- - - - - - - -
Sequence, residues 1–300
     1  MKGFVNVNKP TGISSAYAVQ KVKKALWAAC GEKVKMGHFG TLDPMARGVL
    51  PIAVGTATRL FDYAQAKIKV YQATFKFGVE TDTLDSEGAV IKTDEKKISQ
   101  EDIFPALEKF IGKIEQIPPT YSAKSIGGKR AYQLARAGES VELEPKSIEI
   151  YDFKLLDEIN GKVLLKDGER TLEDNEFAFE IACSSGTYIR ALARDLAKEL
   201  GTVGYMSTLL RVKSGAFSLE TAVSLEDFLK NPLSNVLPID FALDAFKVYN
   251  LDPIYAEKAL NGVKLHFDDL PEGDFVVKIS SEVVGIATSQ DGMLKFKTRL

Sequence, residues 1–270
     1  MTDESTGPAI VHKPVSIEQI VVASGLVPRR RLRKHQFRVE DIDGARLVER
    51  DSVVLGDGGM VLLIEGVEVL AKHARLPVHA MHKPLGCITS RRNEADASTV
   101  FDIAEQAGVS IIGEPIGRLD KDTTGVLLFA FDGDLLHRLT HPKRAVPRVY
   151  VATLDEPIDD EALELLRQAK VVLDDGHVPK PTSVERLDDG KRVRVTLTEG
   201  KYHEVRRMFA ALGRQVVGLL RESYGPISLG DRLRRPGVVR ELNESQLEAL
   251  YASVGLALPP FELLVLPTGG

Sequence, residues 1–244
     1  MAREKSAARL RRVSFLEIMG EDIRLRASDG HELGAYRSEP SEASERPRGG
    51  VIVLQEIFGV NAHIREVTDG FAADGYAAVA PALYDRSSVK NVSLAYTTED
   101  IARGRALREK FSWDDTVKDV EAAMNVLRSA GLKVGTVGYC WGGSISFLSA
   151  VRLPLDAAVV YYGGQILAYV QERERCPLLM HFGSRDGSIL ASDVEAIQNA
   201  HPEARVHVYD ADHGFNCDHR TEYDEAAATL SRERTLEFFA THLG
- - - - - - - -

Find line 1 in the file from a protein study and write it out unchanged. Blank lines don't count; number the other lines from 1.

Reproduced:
Sequence, residues 1–300